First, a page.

Issues in the Design and Implementation of Pay-for-Performance Program
Issues in the Design and Implementation of Pay-for-Performance Programs
Gary J. Young, J.D., Ph.D.
Professor and Director
Northeastern University Center for Health Policy and Healthcare Research
Presentation for Agency for Healthcare Research and Quality, Annual Meeting
September 20, 2011
Financial support from the Agency for Healthcare Research and Quality and the Robert Wood Johnson Foundation Investigator Award for Health Policy Research.
Design and Implementation Issues
Multi-year study of over 70 provider organizations with quality-related incentive arrangements.
- Surveys of Physicians.
- Interviews with senior leaders from physician organizations and hospitals.
- Analysis of Clinical Data.
Design and Implementation Issues
- Selecting unit of accountability.
- Managing provider attitudes toward pay-for-performance program.
Unit of Accountability
- Teams (within or across organizations—e.g., ACOs).
Interviews with Senior Leaders from Physician Organizations and Hospitals
- Telephone Interviews and Site Visits.
|Setting||# Senior Leaders|
Interviews with Senior Leaders
General attitudes and issues:
- Quality incentives (better than utilization).
- Adequacy of dollars (new or old money).
- Awareness and involvement of physicians (grass roots vs. system engineering).
- Internal distribution of financial rewards (where individual physicians were not the unit of accountability):
- $ individual performance on pay-for-performance (P4P) criteria.
- $ individual performance on non-P4P criteria.
- $ equally independent of performance.
- $ retained at group level for investment (unit of accountability issue).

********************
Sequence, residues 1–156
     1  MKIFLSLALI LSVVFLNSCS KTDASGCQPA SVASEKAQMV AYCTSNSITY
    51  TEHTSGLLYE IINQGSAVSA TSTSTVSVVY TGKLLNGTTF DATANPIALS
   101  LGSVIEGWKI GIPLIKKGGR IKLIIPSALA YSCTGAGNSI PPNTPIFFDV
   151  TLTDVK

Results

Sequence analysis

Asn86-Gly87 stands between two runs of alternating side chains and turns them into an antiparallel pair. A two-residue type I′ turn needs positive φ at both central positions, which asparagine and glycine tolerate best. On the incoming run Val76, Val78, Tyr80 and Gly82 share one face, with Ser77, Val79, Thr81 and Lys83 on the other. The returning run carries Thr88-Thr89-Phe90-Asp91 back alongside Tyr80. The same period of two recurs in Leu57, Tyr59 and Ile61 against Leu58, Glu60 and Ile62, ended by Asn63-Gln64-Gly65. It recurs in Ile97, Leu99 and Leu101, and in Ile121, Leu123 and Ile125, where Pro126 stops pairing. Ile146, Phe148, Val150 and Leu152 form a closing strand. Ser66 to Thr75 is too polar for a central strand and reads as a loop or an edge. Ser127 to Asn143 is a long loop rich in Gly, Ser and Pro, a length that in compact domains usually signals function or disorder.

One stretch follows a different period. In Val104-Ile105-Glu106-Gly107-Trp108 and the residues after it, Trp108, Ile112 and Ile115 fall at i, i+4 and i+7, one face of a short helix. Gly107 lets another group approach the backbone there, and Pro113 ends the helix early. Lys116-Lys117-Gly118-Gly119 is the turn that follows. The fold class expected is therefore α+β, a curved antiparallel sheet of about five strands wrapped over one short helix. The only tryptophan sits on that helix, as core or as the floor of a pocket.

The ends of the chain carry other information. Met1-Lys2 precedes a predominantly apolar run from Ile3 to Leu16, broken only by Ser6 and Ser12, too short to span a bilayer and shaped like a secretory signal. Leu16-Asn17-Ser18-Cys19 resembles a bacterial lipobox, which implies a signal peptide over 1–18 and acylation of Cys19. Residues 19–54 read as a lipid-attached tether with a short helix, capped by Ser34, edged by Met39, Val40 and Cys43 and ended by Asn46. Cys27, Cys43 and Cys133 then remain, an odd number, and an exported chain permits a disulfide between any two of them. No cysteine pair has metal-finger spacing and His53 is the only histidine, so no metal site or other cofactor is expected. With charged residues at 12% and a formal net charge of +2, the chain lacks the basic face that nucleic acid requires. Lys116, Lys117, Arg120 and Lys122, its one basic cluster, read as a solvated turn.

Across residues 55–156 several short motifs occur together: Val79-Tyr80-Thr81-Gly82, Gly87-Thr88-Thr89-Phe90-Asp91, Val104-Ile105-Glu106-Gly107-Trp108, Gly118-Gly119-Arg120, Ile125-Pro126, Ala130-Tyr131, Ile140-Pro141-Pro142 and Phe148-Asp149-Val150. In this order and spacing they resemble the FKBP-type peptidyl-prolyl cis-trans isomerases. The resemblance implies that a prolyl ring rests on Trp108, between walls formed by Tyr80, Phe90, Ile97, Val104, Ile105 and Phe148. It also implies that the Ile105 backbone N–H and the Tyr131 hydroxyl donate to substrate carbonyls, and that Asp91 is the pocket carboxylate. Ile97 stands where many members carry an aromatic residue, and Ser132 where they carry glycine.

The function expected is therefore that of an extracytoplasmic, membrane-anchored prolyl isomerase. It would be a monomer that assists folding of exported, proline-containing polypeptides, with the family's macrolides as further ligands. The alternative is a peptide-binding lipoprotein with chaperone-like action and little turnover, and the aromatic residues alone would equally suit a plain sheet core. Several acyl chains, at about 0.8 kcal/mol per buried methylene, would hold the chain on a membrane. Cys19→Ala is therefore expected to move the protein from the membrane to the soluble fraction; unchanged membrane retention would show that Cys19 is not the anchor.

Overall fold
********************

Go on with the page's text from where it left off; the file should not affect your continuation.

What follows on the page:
Interviews with Group Practice Executives
"We have a point system, but I would not classify that under the heading of necessarily a quality system. I'd call it more of a participation system. I think the outcome spills over a little into quality because again, the camaraderie and the communication improve and that's always a good thing when PCPs are talking to specialists, interfacing more...."
Incentives and Unit of Accountability
Image: A chart contrasting Efficiency of Incentive vs. Investment in infrastructure is shown.
- Self Determination Theory.
- Professional Control.
Interviews with Senior leaders
"Plans just throw some money in our way and think we will notice and pay attention. They do not seem to understand that our physicians have deep concerns about what strings are attached. We are always worried about the hidden agenda and what a particular incentive opportunity means for our future."
Attitudes and Responsiveness to Financial Incentives
- Study Setting: Physician network (IPA) in Rochester NY.
- Implemented tournament-style P4P program for diabetes care.
- > 300 PCPs.
- Quality measure: Percentage of expected number of diabetic exams/screens (LDL, 2 HbA1c, urinanalysis, eye exam) conducted.
- Financial incentive: 50 to 150% of withhold payment.
- Potential payout up to about $3,000 for diabetic component.
- Survey of physicians at Baseline.
- Approximately 335 physicians surveyed.
- Approximately 48% response rate.
- No performance differences between respondents and non-respondents.
Measurement of Attitudes
Five-point, multi-item Likert scales
- Autonomy: "The incentive system interferes with my autonomy for how I care for patients." (reverse scaled)
- Goal importance: "This financial incentive is tied to a quality target that is clinically meaningful for diabetic patients."
Image: A line graph labeled "Overview: Six-Year Trends in RIPA Diabetes Care" is shown.
Image: A line graph labeled "Physician Performance Score for Diabetes Pay-for-Performance, 1999-2004" is shown.
Image: A line graph labeled "Autonomy and Physician Performance" is shown.
Image: A line graph labeled "Goal Importance and Physician Performance" is shown.
- The unit of accountability carries possible tradeoffs between infrastructure investment and power of incentives.
- Provider attitudes toward incentive programs may be an important moderator of an incentive program's success. Attitudes among providers toward same incentive program may vary markedly.
- Identify providers with negative attitudes.
- Create opportunities for providers to have input into program design/implementation.